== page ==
It's tough...I'm not going to lie about it. It's not the position I want to be in. But you just have to roll with the punches and be able to go out there and perform and do your best and know that something good is going to come out of it.
Determined to spend more time on the field than the bench, Kiwanuka returned with a vengeance to start the 2010 season. In just three games, he recorded four sacks and a forced fumble; Kiwanuka was on pace to have his best season as a professional. The success was short lived, however, as the former first-rounder was forced to sit out the remainder of the season after suffering a herniated disc in his neck against the Titans in Week 3.
Poor luck seemed to follow Kiwanuka whenever he suited up against that AFC South squad from Nashville, Tennessee.
With his future uncertain, Kiwanuka was happy to re-sign with the Giants the following offseason, a two-year deal to the tune of $8.6 million. Eager to prove himself yet again, Kiwanuka reassumed the strong-side linebacker role. With an added dose of confidence during his second go-around at the position, Kiwanuka started every game but one, amassing a career-high in tackles as the Giants claimed yet another league title.
For his heroic efforts, Kiwi was rewarded with a three-year contract extension that was to earn him an additional $16.5 million through the 2015 season. The selflessness that Kiwanuka demonstrated throughout his career was now paying off for him in the form of cold, hard cash. Even Umenyiora, who was in search of a new contract of his own at the time, praised the organization's decision to lock up his teammate.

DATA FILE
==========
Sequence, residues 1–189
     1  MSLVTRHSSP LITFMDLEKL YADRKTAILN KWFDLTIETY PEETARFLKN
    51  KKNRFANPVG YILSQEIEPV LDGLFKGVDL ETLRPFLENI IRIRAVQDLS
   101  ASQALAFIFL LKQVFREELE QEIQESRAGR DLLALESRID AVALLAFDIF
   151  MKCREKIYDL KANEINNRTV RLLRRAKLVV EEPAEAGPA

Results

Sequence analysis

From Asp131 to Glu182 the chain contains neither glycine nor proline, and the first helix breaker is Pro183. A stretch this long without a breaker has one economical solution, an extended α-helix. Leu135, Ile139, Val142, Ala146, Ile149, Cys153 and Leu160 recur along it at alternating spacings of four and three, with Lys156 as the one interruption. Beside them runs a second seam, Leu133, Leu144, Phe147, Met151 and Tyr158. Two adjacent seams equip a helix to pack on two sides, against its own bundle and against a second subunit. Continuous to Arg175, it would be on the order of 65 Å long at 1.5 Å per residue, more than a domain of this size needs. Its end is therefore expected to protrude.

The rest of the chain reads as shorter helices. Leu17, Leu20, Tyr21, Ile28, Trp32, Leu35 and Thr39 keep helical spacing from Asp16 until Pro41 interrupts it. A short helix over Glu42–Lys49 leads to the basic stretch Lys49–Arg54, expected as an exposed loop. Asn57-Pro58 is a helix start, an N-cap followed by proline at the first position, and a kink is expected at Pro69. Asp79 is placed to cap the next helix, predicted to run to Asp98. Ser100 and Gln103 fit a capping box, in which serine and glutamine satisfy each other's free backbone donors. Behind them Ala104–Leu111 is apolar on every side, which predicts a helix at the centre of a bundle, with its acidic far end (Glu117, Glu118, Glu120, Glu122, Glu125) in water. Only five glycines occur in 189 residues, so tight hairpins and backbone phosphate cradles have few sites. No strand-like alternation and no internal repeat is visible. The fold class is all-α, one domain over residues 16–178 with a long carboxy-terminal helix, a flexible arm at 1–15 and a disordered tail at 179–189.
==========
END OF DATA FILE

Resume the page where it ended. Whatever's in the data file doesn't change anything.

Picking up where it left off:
"Well, I can say I'm happy for Kiwi, that's for sure," Umenyiora wrote in an email (h/t The Star-Ledger). "He deserves it, after all he has been through. It's a good move by [the Giants]."
Much like the drop-off in production he experienced in 2009, Kiwanuka had another lackluster season in 2012, this time as a linebacker. While the Giants fielded one of the league's worst defenses in terms of yards allowed last season, Kiwanuka saw his role begin to diminish. He started just five games, rarely making an impact when he wasn't playing on the line. His team won only nine games and missed the playoffs, capping off a disappointing run as defending champs.
Yet nothing had changed about Kiwanuka's team-first attitude. Less than a month after the 2012 season had come to a close, the Giants restructured Kiwanuka's contract, saving the team about $1 million in salary cap space.
"What other guy in the league does what he does?" long snapper Zak DeOssie rhetorically asked in 2011 (h/t The Star-Ledger). "To go from D-line in his rookie year, to linebacker, back to D-line, overcoming an injury, coming back and signing a deal not knowing what he's going to do, and to come back and play linebacker is amazing. His knowledge of the game must be phenomenal. It's just impressive what he can do."
Over the past seven seasons, Kiwanuka has given the Giants franchise everything he has got, contributing in a usually thankless role.
For Kiwi, 2013 will be the season that the Giants finally start to give back.
With Umenyiora now in Atlanta and Pierre-Paul recovering from back surgery, Kiwanuka will be the team's starting right defensive end throughout training camp. It's an opportunity for the 30-year-old to show that he still has what it takes to make an impact at his natural position.
After countless camps in which the 6-5, 267-pound Kiwanuka appeared to be on the verge of a breakout season, the seven-year vet could finally be on the cusp of capturing that elusive all-star-caliber campaign in 2013.